How To Start A Classic Car That’s Been Sitting (Part One)

You’ve made the deal, towed the car home, and all your buddies are stoked about the new project. Before you slap a battery in it and get to cranking, there are some seriously important steps to take prior to the first fire up! We’re going to use my 1961 Falcon as our guinea pig  since she has sat untouched for at least 18 years. Let’s look under the hood:

What stands out here? A lot of things, actually. First and foremost, we get it: she’s ugly. After dealing with the elephant in the room, take a look at the fluids. Does it even have any? What color is the oil? The coolant?

In our case, the oil looked relatively dirty as expected, but normal considering its circumstances. Had the oil looked like thick chocolate milk, we’d be in some trouble. This would indicate that coolant has mixed with the oil which is not a good sign. Coolant mixing with the oil could be the result of a bad head gasket, or even worse- a cracked cylinder head or block.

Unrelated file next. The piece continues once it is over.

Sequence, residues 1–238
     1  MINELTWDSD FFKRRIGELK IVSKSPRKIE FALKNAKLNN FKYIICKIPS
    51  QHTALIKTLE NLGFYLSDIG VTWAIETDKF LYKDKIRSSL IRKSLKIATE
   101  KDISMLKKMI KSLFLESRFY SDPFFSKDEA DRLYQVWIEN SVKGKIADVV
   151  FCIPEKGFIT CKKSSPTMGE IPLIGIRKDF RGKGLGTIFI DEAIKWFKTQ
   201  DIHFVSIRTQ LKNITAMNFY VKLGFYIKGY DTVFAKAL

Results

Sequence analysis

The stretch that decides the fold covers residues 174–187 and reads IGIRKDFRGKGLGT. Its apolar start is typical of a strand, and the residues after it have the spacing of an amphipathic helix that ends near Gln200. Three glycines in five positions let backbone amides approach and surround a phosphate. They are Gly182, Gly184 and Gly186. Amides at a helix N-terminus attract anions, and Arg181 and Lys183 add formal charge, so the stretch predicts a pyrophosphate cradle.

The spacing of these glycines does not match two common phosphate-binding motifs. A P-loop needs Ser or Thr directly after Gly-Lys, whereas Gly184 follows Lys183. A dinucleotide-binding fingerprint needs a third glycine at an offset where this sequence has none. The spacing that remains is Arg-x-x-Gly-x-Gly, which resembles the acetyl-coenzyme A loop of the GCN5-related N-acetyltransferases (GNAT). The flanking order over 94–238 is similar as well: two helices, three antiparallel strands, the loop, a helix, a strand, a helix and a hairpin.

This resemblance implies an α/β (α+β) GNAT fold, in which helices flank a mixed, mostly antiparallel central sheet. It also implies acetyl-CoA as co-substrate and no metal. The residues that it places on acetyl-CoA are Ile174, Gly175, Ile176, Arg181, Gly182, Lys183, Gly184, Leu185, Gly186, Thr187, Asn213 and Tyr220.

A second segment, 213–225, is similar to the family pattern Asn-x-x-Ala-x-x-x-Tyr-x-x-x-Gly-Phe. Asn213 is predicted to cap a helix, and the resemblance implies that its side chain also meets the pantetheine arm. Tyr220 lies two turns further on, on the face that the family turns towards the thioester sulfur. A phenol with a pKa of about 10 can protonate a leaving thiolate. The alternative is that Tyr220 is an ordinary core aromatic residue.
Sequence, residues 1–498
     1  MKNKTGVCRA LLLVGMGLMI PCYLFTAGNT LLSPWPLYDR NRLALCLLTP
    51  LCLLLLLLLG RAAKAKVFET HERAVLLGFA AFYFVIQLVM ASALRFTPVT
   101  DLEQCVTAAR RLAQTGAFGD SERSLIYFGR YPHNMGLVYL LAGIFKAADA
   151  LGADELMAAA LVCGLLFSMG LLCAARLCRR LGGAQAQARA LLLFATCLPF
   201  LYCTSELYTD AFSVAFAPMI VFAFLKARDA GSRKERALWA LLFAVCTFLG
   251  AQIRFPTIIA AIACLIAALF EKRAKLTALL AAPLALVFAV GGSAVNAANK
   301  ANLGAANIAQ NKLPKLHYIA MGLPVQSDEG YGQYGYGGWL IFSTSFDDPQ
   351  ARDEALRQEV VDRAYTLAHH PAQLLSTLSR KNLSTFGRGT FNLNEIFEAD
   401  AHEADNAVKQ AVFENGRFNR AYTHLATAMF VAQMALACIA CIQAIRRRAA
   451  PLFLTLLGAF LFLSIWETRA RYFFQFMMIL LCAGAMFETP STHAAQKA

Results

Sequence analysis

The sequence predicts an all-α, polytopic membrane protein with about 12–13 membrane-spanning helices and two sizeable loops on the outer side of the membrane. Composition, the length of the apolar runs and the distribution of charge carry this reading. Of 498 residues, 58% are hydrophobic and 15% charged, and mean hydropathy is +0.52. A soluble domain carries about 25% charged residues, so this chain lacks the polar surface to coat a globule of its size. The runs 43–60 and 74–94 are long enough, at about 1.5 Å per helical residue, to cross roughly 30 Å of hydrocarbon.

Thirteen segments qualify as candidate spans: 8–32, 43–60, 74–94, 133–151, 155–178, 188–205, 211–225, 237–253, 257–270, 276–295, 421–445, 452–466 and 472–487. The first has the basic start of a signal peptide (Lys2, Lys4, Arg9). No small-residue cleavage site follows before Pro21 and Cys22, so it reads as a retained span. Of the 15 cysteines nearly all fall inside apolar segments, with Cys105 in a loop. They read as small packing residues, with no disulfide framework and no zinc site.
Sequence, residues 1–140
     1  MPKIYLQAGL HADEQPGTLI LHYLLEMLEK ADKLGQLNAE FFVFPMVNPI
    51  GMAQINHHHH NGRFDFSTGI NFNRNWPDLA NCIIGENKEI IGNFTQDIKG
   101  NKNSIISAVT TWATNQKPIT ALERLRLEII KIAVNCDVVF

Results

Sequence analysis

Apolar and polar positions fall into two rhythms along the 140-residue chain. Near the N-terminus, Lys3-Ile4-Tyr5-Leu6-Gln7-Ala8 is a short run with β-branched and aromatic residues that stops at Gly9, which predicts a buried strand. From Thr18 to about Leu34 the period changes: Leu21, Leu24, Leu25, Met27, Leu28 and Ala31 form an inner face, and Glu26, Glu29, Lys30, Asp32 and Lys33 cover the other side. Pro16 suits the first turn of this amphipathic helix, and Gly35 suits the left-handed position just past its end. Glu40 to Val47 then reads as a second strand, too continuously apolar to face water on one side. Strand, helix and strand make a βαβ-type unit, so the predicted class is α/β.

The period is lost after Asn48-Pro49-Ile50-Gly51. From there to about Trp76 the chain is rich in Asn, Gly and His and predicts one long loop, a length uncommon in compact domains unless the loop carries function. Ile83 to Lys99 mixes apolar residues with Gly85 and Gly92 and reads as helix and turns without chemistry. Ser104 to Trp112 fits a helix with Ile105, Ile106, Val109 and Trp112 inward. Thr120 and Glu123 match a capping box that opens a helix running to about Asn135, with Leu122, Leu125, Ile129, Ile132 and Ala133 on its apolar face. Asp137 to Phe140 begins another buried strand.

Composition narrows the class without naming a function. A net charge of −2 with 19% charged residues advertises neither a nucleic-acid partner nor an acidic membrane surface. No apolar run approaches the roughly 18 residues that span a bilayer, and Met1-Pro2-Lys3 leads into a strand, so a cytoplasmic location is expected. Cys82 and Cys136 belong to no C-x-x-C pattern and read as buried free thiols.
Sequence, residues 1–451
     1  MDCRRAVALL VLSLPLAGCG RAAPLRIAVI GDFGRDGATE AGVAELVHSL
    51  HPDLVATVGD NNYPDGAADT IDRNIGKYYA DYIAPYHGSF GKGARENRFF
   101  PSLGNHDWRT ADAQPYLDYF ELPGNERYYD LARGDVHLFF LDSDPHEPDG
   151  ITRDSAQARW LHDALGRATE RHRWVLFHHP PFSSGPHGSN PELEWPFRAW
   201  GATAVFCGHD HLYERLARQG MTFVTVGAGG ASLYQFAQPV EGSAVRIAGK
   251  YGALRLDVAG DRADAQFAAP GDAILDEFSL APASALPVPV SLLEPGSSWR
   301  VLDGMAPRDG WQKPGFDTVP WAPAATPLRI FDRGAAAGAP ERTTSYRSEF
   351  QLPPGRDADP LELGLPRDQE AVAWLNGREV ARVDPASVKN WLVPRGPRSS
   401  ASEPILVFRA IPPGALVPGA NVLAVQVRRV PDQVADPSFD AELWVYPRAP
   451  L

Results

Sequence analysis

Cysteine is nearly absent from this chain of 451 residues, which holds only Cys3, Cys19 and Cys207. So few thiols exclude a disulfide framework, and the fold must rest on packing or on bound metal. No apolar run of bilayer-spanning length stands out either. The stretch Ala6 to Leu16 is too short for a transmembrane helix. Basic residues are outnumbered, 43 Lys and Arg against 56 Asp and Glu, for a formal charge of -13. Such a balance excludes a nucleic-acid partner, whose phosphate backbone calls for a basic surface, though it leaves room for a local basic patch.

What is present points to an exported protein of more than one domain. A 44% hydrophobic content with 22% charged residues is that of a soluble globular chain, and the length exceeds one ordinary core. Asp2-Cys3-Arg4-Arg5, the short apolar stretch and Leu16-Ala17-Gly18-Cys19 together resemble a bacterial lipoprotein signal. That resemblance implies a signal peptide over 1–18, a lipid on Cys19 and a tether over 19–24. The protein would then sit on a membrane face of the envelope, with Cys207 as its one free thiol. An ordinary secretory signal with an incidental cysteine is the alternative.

Speaking of which, after popping off the radiator cap, I realized that there was no coolant! Not the best news. Did the engine overheat at some point? Is there simply a bad gasket that let the coolant leak out? There are plenty of possible reasons as to why there’s no coolant, some being simple and others being a major headache.

Looking at the spark plug wires, you’ll notice that it isn’t a matching set. Why would someone do this? Again, it could be something simple, or something major. Maybe an under hood fire? (Bingo)

I noticed quite a bit of melted plastic on the carburetor, indicating that something got torched under here! I’m assuming this is why the car was parked for so long.

Check back for part two when we start digging.